Updated on November 8, 2022
Corgi Husky Mix (HORGI): Owner’s Guide
The Horgi, also sometimes called Siborgi, is what is referred to as a designer dog breed or a mix between two popular breeds. The Horgi is a mix between a Siberian Husky and a Pembroke Welsh Corgi. This unique pairing results in an incredibly friendly, intelligent, and active dog who just happens to be a little bit closer to the ground!
Key Questions Answered
What is a Corgi Husky Mix called?
A Corgi Husky Mix is called a Horgi.
How much is a Corgi Husky Mix?
The cost of a Horgi will typically land somewhere between $800 to $1,800.
Where to buy a Corgi Husky Mix?
Corgi Husky Mixes can be hard to find for sale online. Your best bet is to Google ‘Corgi Husky Mix for sale’ or call your local dog rescue/shelter.
Horgi Traits & Characteristics
Horgi Traits Summary Table
|Traits||Corgi Husky Mix|
|Eye Color||Brown, blue or one of each!|
|Coat Color||Black, white, tan, red, fawn and sable.|
|Weight||Up to 50 pounds|
|Physical Activity||Small size but big energy!|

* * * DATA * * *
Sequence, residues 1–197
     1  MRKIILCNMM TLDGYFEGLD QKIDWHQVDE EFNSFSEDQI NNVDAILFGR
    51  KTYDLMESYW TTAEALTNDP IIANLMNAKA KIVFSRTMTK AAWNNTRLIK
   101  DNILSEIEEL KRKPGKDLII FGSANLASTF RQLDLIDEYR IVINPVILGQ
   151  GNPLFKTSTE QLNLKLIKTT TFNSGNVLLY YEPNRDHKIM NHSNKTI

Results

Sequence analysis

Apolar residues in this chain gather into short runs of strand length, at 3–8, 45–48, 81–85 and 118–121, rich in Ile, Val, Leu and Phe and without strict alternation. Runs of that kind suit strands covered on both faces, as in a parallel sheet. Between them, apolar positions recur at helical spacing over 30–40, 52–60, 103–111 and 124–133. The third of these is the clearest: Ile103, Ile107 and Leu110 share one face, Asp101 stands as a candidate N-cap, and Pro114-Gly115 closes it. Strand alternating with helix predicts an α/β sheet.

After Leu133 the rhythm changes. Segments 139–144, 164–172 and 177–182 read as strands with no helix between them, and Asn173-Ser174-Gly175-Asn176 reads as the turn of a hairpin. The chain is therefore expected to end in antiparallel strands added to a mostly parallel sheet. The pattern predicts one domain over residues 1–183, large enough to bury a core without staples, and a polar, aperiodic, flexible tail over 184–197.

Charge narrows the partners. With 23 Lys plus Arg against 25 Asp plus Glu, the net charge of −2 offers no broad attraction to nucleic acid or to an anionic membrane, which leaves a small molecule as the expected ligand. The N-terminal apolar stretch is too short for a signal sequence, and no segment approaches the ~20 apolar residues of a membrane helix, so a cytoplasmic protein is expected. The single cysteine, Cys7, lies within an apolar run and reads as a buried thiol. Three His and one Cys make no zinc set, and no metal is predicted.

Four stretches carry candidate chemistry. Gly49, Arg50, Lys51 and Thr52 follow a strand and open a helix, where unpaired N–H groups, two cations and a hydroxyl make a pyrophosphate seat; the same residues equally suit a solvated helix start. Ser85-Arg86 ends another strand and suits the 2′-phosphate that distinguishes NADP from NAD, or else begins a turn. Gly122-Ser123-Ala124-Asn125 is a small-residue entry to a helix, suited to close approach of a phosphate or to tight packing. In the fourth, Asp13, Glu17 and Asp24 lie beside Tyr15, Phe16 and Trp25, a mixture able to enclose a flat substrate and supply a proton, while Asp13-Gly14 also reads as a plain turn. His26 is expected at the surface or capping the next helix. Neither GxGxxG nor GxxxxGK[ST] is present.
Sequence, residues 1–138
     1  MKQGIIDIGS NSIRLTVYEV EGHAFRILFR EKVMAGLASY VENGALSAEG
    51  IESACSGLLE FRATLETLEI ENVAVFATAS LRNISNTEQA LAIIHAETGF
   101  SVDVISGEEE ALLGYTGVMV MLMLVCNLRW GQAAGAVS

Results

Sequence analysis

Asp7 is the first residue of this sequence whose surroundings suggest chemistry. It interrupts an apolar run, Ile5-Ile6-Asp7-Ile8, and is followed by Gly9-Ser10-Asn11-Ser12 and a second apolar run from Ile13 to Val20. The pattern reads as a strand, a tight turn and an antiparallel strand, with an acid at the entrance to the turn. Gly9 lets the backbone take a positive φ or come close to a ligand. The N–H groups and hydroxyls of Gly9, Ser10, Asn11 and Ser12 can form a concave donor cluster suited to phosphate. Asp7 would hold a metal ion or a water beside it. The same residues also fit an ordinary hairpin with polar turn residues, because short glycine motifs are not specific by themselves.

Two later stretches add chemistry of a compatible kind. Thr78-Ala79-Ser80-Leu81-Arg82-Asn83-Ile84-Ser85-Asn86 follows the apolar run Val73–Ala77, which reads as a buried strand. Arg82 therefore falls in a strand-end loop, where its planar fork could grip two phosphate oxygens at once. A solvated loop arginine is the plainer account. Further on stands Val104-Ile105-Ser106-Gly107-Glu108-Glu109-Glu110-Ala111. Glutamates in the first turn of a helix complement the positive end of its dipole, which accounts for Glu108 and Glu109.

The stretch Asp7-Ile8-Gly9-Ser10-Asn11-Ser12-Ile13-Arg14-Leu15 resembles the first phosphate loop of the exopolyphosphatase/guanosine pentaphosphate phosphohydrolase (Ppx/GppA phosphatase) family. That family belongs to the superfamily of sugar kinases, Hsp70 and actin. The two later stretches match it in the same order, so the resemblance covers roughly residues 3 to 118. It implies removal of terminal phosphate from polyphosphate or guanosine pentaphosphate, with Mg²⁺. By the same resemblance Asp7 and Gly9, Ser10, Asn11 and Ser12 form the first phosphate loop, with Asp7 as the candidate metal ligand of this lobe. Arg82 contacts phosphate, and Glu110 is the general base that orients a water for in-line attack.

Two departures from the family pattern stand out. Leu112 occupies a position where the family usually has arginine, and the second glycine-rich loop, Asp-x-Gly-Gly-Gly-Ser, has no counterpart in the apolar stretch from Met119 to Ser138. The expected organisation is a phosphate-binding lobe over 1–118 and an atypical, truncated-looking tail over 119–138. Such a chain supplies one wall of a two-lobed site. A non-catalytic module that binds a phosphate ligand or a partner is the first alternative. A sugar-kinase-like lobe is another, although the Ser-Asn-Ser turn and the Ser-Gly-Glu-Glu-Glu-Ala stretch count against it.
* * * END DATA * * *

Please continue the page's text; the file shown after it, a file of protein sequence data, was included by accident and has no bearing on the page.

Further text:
|Good With Kids?||Great with kids|
|Origin||Horgis were first bred in 90's as a designer breed.|
|Price||$800 to $1,800|
|PROS||Highly sociable and friendly, incredibly smart and highly active.|
|CONS||Prone to separation anxiety, prone to obesity and may be stubborn!|
These cuties are short and stocky but with long bodies. They may have a straight tail or a tail with a bit of a curl in it. Both parent breeds have ears that stick straight up but depending on the pup, its ears may be more pointed at the top or more rounded.
Horgi pups will most likely inherit the black and white patterning of the Husky, but they could also get some tan or red from the Husky, too. The Corgi parent may contribute black and tan, fawn, red, or sable, and white markings. Horgis can have either brown or blue eyes but they sometimes can have one of each!